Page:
Air quality under control!
Take a new step towards a healthy indoor climate!
How clean is the air you breathe?
On average, we spend 85% of our time indoors. The air we breathe there is often less clean than the air outside. Pure air provides a higher concentration and energy level and improves health.
In addition, it gives clean air less chance of allergic reactions, skin problems and possible increase in lung diseases. Do you want to know how clean your indoor climate is? The solution is the Aeros plug-and-play sensor with accompanying app, developed in the Netherlands.
Measuring is knowing!
Total control over the indoor climate!
The Aeros measures the most important parameters of the indoor climate every second, such as CO₂ and particulate matter, and makes you aware of your living and working environment. The Aeros measures so precisely that it can even detect aerosols.
The accompanying app gives you real-time insight into how comfortable and healthy the air quality is and gives you notifications when limit values are reached.
De Aeros Standard
You can read from the CO2 level whether the room is well ventilated. The Standard is equipped with a traffic light function that indicates the CO2 values. The limit values are adjustable and can be switched on and off per sensor.
The Standard complies with the most recent regulations regarding indoor climate monitoring. This is the first step towards understanding your indoor climate.
De Aeros Advanced
This sensor also measures the TVOC values of a room. These harmful gases have a major impact on the indoor climate.
High values are often found in the hospitality industry, personal care and in the vicinity of the chemical industry.
The Aeros Pro
Particulate matter/aerosols are harmful to health. The smaller the particles, the more harmful. The Pro measures the fine dust particles in four channels and proactively informs in case of high values.
The Aeros Pro is the benchmark for total control over the indoor climate. (Also available as an expansion pack.)
With the Aeros you have insight into these 5 parameters
A measure of how warm or cold the air is. The ideal temperature is between 19 and 24 degrees.
Carbon dioxide (CO₂) is a gas that occurs naturally in the atmosphere. The CO₂ content is expressed in PPM (parts per million). An excess of CO₂ displaces the oxygen uptake in our body. As a result, the body switches to a lower
energy consumption, leading to fatigue, headaches and loss of concentration. The ideal concentration of CO₂ in the air is 400 to 800 ppm and the limit value is set at 1200 ppm.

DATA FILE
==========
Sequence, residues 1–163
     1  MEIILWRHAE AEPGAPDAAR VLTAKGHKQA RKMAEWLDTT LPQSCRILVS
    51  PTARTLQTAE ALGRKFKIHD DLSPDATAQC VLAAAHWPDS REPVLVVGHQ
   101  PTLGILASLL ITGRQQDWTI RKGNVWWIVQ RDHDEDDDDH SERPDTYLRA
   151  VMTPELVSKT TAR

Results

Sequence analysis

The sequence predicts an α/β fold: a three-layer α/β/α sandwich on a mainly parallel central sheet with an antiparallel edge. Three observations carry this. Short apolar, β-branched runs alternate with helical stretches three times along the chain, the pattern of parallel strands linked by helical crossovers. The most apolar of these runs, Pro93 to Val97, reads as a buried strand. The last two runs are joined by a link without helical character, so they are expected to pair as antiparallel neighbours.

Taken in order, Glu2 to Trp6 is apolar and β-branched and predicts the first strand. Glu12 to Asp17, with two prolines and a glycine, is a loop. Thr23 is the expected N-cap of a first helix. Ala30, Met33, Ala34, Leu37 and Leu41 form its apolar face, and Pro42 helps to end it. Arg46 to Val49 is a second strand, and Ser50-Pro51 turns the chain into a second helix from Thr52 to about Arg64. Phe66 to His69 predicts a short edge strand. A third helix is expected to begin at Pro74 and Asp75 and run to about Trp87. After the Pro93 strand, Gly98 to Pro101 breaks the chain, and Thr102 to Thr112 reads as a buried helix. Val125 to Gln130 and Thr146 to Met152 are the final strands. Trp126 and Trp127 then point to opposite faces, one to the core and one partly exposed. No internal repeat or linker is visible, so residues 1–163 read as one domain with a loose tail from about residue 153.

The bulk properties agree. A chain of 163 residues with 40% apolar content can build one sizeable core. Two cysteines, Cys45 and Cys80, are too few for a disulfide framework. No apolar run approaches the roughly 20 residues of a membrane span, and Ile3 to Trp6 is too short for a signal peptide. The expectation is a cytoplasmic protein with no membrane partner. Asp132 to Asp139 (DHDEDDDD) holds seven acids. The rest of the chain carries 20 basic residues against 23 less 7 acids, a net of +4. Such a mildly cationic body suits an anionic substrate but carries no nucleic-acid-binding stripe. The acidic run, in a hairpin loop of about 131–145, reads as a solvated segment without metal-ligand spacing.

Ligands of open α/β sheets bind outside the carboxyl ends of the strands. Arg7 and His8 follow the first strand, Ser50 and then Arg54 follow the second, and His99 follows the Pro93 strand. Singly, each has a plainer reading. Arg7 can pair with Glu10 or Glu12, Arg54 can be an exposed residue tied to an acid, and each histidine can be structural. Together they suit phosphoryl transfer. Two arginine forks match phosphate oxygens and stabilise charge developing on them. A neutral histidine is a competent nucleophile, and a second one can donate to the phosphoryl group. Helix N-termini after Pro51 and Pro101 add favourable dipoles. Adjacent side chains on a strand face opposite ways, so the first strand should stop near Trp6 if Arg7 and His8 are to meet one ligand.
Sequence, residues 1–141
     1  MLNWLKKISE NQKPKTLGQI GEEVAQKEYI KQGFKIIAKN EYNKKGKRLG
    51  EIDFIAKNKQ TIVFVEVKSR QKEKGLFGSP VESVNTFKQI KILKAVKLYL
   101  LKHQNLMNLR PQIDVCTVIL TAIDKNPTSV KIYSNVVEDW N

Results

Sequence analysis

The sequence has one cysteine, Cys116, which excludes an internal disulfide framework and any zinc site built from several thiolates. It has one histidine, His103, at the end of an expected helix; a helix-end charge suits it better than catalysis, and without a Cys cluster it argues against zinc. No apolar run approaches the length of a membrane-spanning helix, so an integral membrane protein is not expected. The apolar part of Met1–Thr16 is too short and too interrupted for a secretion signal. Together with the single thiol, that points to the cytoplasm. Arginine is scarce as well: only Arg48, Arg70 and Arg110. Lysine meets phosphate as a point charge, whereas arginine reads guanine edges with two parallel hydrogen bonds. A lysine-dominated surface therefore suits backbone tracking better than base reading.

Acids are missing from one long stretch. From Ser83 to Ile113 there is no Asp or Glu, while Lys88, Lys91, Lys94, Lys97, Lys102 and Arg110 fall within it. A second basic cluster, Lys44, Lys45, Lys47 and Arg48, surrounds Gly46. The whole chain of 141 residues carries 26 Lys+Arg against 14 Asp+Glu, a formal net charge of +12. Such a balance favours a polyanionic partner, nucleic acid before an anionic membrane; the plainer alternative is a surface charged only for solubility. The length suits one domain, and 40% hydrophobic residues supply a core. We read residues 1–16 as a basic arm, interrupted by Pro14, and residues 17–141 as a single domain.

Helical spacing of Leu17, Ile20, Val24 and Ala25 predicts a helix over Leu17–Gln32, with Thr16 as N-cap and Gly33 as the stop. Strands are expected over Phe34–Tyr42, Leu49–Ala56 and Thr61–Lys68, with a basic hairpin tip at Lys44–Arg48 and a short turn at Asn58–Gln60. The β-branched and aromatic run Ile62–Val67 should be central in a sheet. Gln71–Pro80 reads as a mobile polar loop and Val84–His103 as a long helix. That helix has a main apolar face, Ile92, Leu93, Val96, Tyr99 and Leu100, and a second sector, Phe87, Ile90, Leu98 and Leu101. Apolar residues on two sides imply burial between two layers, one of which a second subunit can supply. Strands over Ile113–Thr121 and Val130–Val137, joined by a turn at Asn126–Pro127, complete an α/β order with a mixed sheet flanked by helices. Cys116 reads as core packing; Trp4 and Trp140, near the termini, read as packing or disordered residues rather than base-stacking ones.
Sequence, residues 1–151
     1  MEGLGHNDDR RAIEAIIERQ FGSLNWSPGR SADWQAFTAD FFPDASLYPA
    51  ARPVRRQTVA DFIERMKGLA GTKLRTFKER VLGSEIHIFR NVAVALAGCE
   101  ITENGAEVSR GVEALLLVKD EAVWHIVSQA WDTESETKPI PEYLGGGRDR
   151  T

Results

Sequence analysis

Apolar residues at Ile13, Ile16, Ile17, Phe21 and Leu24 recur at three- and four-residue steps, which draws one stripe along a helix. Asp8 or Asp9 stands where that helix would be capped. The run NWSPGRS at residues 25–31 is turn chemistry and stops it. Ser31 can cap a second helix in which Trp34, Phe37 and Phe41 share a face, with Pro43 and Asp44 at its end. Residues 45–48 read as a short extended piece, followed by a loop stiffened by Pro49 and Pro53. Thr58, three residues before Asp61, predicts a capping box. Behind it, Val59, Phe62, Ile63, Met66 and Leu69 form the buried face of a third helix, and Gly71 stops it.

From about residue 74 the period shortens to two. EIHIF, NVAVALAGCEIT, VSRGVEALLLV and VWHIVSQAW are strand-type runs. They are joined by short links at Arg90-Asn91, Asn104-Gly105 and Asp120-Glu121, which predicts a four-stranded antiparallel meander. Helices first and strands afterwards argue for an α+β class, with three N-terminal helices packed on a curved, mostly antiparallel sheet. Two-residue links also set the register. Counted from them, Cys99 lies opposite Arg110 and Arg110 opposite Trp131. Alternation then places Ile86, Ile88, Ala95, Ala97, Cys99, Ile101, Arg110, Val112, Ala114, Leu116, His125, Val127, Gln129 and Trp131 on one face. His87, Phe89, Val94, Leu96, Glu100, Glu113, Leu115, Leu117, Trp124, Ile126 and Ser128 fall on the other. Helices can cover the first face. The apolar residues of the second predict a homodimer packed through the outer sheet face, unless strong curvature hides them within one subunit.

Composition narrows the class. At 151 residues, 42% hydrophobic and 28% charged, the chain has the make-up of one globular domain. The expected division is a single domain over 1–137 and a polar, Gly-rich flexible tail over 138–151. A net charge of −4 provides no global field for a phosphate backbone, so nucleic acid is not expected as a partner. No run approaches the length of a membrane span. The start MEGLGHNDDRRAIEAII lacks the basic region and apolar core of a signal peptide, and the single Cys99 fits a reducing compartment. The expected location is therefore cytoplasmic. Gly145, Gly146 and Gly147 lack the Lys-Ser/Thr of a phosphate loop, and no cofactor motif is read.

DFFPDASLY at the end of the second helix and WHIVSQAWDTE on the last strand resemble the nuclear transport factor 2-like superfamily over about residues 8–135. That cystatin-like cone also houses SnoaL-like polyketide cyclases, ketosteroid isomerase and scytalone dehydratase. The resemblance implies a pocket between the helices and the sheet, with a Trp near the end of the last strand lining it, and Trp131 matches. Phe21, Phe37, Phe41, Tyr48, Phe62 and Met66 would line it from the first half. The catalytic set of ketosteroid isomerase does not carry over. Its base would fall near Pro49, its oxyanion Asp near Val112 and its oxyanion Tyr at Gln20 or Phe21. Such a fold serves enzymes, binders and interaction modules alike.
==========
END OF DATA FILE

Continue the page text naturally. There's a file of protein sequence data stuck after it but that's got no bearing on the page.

The ratio between the amount of water vapor present in the air and the maximum amount it could hold. A percentage between 40% and 60% is ideal. Excessive humidity can cause mold to form. Humidity that is too low is unfavorable for the condition of mucous membranes, eyes, nose and throat. It can also lead to reduced resistance to infections.
Collective name for a group of hydrocarbons that evaporate easily. These chemicals are found in other building materials, cleaning products and paint. Short-term exposure causes irritation of eyes and mucous membranes. At high
concentrations, health effects on organs cannot be ruled out. Ideal is a value below 500 PPB (parts per billion). Values above 1000 PPB should be avoided.
Collective name for the small particles in the air. It is invisible to the naked eye. Almost all human activities produce particulate matter, such as cooking and driving a car. The smaller the particle, the more harmful to health. Under PM 1 (particulate matter) you speak of ultrafine dust. Ultrafine particles end up in the lungs and are particularly harmful to children and adults with lung disorders. The standards of the
WHO for particulate matter are PM 10 and PM 2.5 and have a limit value of 50 uq (micrometers) m3 and 25 ug m3 respectively.
Click on the image to enlarge.
Characteristics of the Aeros
The Aeros measures in such detail that it even detects aerosols. It is believed that viruses, such as COVID-19 and influenza, use aerosols as a means of transport.
The presence of a high concentration of aerosols increases the risk of a possible health risk. The Aeros immediately indicates which action(s) you can take to improve the air quality.
What about your indoor climate?
Everyone wants to know the state of the indoor climate in which you live, work or recreate. With the Aeros you will find out.
With negative measurement results, the question is asked, how can we improve this?
How can we improve this?
Answer: A combination of good, efficient ventilation capacity and air purification, as well as changes in behavior and policy. For example, opening and closing windows/doors at set times already lead to major improvements.